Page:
Most everyone is aware that bollworms are not as susceptible as they once were to several Bt toxins present in cotton. Specifically, resistance monitoring across the Mid-South and spearheaded by Dr. David Kerns at Texas A&M University indicates that the bollworm has developed some level of resistance to the Cry1 and Cry2 toxins present in WideStrike, TwinLink, and Bollgard 2 cotton varieties. So the obvious question is what to do about it.
First, it is important to note that the Bt technologies listed above are still providing some level of protection. Let’s not forget they are providing near perfect control of tobacco budworm, and I think it would be unlikely that insecticide applications for bollworm would be needed prior to flowering. However, it is unclear whether levels of resistance have plateaued or are still increasing. Regardless, recent experience clearly indicates that foliar insecticides for bollworm control are now more necessary on WideStrike, TwinLink, and Bollgard 2 varieties. The recommendation on these technologies is to be more aggressive in timing applications against eggs and hatching larvae, and the use of diamide insecticides (Prevathon, Besiege) will be the starting point when treating infestations of bollworm in these technologies. I won’t detail any specifics this early in the game, but you need to “get your mind right”.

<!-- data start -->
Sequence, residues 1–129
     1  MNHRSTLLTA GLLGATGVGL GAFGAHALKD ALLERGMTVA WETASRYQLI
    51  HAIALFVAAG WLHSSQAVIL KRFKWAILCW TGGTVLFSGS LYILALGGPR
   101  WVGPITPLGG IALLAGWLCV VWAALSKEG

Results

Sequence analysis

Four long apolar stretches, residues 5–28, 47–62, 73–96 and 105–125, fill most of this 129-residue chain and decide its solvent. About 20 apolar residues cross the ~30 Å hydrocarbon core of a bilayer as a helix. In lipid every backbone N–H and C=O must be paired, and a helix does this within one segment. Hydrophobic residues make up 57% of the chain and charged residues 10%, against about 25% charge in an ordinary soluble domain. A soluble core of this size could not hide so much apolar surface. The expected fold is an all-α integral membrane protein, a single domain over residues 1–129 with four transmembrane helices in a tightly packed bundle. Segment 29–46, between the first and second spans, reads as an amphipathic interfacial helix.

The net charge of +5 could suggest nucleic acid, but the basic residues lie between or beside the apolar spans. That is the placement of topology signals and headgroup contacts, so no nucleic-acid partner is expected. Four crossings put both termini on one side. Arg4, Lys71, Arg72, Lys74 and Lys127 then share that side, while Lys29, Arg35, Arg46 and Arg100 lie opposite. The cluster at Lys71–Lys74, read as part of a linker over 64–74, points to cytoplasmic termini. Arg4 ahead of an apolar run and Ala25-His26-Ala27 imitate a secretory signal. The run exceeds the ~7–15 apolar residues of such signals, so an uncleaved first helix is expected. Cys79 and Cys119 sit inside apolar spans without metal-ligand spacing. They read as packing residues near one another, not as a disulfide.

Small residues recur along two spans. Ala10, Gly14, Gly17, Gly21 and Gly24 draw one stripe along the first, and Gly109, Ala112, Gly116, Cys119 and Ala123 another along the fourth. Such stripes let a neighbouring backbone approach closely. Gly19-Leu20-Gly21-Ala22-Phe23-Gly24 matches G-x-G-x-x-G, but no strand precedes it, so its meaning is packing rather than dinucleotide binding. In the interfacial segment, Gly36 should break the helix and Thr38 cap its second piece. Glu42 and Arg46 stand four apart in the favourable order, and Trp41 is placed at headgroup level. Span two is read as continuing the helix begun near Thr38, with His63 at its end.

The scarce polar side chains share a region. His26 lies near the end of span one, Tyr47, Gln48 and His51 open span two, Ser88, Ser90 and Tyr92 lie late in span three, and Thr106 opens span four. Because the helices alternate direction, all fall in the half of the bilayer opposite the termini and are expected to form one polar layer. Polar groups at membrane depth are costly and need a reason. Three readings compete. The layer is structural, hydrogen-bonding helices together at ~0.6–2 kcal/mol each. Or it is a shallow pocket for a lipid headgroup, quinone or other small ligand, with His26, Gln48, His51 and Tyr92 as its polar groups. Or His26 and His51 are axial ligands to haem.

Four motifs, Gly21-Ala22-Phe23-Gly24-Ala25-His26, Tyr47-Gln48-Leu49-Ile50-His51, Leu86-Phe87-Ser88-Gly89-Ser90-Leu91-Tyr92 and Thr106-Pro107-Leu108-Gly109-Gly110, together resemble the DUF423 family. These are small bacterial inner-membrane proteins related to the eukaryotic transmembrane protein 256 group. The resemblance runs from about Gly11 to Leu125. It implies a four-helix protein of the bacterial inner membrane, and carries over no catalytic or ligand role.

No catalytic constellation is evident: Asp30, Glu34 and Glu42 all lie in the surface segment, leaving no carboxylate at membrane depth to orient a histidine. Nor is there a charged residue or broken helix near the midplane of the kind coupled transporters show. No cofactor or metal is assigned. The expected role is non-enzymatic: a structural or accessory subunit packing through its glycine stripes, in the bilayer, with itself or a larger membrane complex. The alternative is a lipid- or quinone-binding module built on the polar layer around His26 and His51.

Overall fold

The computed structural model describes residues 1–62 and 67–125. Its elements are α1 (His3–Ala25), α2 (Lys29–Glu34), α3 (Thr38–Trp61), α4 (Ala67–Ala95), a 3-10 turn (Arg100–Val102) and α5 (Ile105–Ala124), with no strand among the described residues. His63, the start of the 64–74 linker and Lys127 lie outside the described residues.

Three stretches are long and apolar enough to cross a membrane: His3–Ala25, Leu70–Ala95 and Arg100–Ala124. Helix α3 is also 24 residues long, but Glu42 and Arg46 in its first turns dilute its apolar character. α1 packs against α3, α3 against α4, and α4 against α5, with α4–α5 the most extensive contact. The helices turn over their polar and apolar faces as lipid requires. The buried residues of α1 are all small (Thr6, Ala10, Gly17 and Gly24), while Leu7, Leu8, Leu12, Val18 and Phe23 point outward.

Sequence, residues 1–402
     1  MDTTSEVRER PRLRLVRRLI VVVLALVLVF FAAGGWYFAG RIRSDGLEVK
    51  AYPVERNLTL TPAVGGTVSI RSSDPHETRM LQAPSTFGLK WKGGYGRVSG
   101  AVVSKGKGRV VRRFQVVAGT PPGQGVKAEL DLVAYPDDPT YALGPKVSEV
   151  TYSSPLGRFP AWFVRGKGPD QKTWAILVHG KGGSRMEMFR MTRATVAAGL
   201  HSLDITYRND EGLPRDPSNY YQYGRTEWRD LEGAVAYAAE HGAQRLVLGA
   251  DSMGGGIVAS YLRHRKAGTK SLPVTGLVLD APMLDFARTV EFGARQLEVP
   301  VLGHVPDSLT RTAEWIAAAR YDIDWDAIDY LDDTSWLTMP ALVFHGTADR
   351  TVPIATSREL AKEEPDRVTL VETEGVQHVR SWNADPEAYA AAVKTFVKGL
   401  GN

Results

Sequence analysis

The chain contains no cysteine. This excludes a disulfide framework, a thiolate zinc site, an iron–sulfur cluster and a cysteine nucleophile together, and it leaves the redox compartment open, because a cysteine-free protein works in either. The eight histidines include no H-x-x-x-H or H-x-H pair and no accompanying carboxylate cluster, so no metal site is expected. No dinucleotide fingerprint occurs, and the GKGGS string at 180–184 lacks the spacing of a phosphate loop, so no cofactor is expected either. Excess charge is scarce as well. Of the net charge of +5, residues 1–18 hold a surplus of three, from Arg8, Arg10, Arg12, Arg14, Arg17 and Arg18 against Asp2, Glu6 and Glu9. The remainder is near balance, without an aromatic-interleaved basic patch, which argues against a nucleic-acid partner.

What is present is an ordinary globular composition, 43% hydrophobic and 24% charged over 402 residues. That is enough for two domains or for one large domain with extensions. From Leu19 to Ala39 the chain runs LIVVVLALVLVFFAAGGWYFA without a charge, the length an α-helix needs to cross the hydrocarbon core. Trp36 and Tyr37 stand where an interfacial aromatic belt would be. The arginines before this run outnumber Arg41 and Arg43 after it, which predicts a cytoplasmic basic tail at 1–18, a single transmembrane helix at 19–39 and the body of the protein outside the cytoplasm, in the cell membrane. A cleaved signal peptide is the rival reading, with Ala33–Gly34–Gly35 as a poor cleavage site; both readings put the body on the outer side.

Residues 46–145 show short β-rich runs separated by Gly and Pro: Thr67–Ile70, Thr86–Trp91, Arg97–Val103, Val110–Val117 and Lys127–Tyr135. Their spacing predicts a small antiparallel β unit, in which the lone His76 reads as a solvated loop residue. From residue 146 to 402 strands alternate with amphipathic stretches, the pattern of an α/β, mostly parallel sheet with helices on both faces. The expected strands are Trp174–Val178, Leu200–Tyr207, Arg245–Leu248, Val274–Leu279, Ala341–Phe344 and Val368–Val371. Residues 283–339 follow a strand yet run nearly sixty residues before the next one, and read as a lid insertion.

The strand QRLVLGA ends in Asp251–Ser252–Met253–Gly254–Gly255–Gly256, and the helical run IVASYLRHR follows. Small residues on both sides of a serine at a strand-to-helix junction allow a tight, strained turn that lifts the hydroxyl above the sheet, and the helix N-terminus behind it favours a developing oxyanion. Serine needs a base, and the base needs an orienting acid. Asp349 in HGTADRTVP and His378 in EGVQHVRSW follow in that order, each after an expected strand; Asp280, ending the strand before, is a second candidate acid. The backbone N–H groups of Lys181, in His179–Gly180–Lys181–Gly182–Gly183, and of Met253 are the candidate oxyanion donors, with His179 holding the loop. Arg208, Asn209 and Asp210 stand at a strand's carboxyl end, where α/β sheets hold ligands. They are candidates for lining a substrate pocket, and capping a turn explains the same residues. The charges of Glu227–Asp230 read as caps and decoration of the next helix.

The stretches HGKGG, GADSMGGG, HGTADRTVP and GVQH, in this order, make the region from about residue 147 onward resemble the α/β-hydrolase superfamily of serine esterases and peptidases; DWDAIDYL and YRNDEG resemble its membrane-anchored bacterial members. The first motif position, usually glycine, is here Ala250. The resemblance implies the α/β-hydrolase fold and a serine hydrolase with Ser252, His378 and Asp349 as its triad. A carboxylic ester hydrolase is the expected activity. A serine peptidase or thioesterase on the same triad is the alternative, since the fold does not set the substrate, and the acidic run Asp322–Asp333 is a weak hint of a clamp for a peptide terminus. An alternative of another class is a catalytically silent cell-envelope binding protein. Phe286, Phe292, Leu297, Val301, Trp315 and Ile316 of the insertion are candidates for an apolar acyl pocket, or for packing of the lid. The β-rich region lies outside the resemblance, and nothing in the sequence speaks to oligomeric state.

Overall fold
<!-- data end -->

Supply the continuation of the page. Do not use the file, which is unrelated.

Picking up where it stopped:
Of course, option two is to use newer Bt technologies such as WideStrike 3, TwinLink Plus, and Bollgard 3. All include the Viptera trait (Vip 3A). If past experience in a predictor of future performance, it is much less likely that these technologies will require treatment for caterpillar pests. I spent hours on the graphic below to make this point.
Growers are lining up cotton seed for the 2018 season, and a lot of variety selection is made based on herbicide tolerances. Be aware that this choice will impact how you manage bollworm infestations. It’s pretty much unanimous among the midsouthern university entomologist that is was the high use of both Cry1 and Cry2 toxins in corn that selected for Bt resistance in bollworm (a.k.a., corn earworm). It’s also a majority opinion that the use of the Vip3A toxin in some Bt corn hybrids is daring bollworms to become resistant to this trait.